The Birth of Venus We see the story's birth with the winds, Zephyr and Aura, who, on the first day of Creation, elevated this shell bearing Venus' triumphant nudity from the unknown depths of the sea. And, approaching the earth on which she will assume her true role, her true power, she is suddenly modest, and we should note the stance, which Botticelli borrowed directly from the beautiful examples of the antique Venus Pudicae that were being discovered at that time. He really painted her like a Venus Pudica. For this modesty to take on its sacred nature, one of the Graces, in the name of all three, is there to cover her with her cape.
The Graces have the privilege of covering Venus' nudity and transforming her into the mother and patron saint of all the forces of creation. Venus is in the process of landing. It should be pointed out that the shore she is landing on is very rugged and already has tall trees, both laurel and myrtle, and that the trees are crowded together, their foliage obscuring one another.

Here are several details to make us aware of Venus' triumphant splendor. We know that until recently, this Birth of Venus had been lavishly covered with varnish, which means that the successive coats of varnish had finally completely opacified. The two paintings were superbly cleaned, and we have now discovered a new Botticelli: pearly flesh, nearly translucent, skin so fine that we have the impression that we can almost see the sea through it. All of the marvelous qualities of Botticelli's painting only appeared after it had been cleaned.
This is the heroic group of winds.. In fact, in their disorder, they represent the original chaos, as Venus was born from this chaos which thus pushed her to take over the world. An admirable Grace with the cape which she has prepared to cover Venus with the flowers and fruits of the earth, as she shall become Venus Flora and Pomona. She will be all that and, as the sacred Venus, she will be the mistress of the gods and goddesses of Olympus. This Grace has a superb face, which Ingres had always maintained was the most beautiful face ever painted (he always liked chinless women).
The apparent movement in the light of the white dress covered with cornflowers does not come from its folds, but rather from the play of the cornflowers' blues, the sunlit parts, the shaded parts, the parts in the foreground, the parts in the background all sculpted by the cornflowers covering these fields which cause the beauty of this Grace's body to dominate the painting, who is one of the most beautiful parts of the Birth of Venus.
Spring From the start, it should be pointed out that this is the same forest, the same trees, the same foliage, the same spacing between the trees, the same land, the same ground, the same flower patches. In other words, Venus was born and landed in this second painting which is Spring - it is the continuation. We still find her as the composition's central focus, but dressed as a sovereign. From the profane Venus we saw earlier, nude, we now progress to the sacred Venus, dressed as a matron in the noblest sense of the term. As such, she is truly the patron saint of the forces and elements and is surrounded by everything she needs to triumph over the twelve months of the year, the four seasons and, thus, eternity.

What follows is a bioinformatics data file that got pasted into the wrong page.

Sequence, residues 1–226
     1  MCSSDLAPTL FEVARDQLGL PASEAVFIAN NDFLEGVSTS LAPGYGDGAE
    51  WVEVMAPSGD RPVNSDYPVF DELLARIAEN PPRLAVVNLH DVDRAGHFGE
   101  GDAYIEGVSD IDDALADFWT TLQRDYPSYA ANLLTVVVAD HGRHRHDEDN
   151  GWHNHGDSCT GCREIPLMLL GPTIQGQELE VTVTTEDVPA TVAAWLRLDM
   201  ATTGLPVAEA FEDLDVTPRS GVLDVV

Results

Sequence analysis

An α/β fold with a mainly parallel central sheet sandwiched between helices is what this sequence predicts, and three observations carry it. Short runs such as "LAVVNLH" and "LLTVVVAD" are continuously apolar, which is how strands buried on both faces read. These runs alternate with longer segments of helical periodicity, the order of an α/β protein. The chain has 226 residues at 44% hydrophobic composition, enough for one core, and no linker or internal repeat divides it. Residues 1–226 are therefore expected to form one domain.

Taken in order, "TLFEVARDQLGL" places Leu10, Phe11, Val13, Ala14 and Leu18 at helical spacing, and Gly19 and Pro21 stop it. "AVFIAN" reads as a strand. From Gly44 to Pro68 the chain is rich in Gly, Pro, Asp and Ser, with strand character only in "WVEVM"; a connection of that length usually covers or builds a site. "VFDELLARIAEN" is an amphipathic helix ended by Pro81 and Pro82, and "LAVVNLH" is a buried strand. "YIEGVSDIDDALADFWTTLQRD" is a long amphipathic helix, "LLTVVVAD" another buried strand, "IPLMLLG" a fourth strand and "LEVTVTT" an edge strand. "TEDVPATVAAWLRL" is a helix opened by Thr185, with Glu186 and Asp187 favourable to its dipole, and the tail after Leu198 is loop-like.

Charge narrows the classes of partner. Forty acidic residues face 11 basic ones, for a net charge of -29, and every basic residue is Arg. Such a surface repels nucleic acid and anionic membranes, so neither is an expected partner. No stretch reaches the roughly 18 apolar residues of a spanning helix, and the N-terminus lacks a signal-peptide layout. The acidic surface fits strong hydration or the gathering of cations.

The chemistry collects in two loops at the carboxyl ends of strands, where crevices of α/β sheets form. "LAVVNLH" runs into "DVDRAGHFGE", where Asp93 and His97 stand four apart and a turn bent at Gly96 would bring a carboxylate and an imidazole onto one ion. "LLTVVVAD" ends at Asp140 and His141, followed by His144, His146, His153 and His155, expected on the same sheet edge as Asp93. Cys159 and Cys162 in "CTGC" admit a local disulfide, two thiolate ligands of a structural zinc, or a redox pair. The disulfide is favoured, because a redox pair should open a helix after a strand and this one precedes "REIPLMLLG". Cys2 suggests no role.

Mercury extends his caduceus to stop the wind which had been blowing earlier with Zephyr and his brother and, at the same time, stops winter from becoming spring. The striking group of the three Graces, perhaps the most beautiful ever painted, is the affirmation of Primavera, that is, Spring, which Venus is still facing. Then time passes, and we see the affirmation of summer, represented here by Flora, whose robe is now, so to speak, made of flowers and who is strewing flowers, the product of her generosity, on the ground. And autumn by Chloe, who is nearly timidly turned toward a blue and somewhat terrifying character who is trying to catch her. This character is Zephyr who, at one time, forgot to blow, because he was chasing the nymph, Chloe through the woods.

What is absolutely extraordinary, if one thinks back to the Birth, is that we have Zephyr, Venus and a Grace in the first painting, and here, we have Mercury, the Graces, Venus, Flora, Chloe and Zephyr. It all begins and ends with Zephyr; the two paintings thus form a complete cycle of seasons - winter, spring, summer and autumn. This was all done in order to show us nature's cycle which is so inherent to the Hesiodic Neo-Platonic inspiration for people such as Marsilio Ficino, Pico della Mirandola and others who dreamed of that period. But it also shows us the primacy of sacred love, as it is incarnated here, over profane love, over the fragility of the water and the shell in the preceding work. In fact, all the allusions could be studied at much greater length to show all the similarities between the two paintings. For the time being, let's take a walk through Spring.